There is a moment, well into The Kids Are All Right ‘s gripping story of a lesbian couple and their two teenage children who go behind their moms’ backs to find their sperm donor father, that will certainly piss off some viewers. We won’t spoil it for you here, but Irin Carmon at Jezebel (who, for the record, doesn’t seem to have seen the film yet) has a post explaining why gays might be offended. Since we’ve actually seen the movie and let it process for a while, despite our own initial misgivings, we’d like to take the opportunity to convince you that sexual politics shouldn’t stop you from enjoying one of the year’s most engaging and appealing films.
We will say no more about the offending scene than this: It involves a character living up to a particularly nasty and generally self-evidently untrue stereotype about lesbians.
That being said, it’s a moment that can neither be taken out of context nor generalized. And that is because The Kids Are All Right is such a singular film. The greatest strength of co-writer and director Lisa Cholodenko’s (who, it’s worth noting is a lesbian parent) script, as well as Julianne Moore and Annette Bening’s pitch-perfect portrayals of the couple in question, is that it paints its lead characters as very specific, likable but fallible people. Nic (Bening) is a resolutely Type A OB-GYN with strict rules for the kids, a tendency to be called away to work at just the wrong time, and a nasty habit of drinking too much to take the edge off of stressful situations. Jules (Moore) isn’t quite her opposite so much as her counterpart: a sort of free spirit with a lighter touch who’s never exactly managed to launch a successful career. They argue, like all couples do, but the love and deep attachment between them is always palpable. Oh, and they watch guy-on-guy gay porn together while they get it on. In a spectacularly awkward clip that is nonetheless true to the characters, Jules explains to their 15-year-old son that human desire is a strange and unpredictable (not to mention inexplicable) thing.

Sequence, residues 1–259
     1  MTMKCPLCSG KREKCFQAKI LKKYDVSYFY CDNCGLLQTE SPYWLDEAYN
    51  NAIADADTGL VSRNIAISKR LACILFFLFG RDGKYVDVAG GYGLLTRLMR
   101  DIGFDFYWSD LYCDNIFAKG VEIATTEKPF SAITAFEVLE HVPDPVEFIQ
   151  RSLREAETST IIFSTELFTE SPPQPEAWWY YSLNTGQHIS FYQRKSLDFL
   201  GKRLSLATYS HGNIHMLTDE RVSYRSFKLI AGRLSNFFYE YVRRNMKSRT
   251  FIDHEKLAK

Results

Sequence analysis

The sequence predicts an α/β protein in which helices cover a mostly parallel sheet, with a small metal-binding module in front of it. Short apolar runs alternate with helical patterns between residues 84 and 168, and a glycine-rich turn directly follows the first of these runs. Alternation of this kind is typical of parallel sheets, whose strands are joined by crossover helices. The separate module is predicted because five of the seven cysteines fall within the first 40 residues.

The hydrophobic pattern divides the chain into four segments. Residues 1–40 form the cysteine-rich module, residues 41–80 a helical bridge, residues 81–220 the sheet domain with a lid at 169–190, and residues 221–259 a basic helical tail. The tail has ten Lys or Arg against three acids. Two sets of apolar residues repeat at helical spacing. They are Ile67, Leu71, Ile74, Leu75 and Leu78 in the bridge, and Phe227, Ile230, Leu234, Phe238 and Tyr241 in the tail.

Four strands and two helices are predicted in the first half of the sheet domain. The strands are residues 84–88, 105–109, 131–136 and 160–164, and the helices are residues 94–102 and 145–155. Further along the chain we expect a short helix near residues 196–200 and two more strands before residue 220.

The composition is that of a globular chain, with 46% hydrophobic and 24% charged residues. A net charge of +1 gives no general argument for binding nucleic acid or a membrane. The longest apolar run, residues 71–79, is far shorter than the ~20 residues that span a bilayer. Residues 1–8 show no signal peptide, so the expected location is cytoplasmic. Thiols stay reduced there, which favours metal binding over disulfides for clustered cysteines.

It’s easy to understand why oppressed groups can be so protective of the way they are portrayed in media. Movies like The Kids Are All Right, which may be rocketed to mainstream success on the strength of its two A-list stars (and equally strong supporting performances by Mark Ruffalo and Mia Wasikowska), might have a chance at getting Middle America to empathize with a lesbian-led family. But that shouldn’t mean Bening and Moore’s two moms should have to be perfect. Any film with flawless main characters is bound to be a forced, boring one more concerned with being politically correct than telling a powerful story.
The Kids Are All Right plants the viewer right in the center of this family in flux’s most difficult summer. By creating characters we feel we know, not in spite but because of their shortcomings, Cholodenko and her stars will undoubtedly win over viewers and rise above stereotypes.
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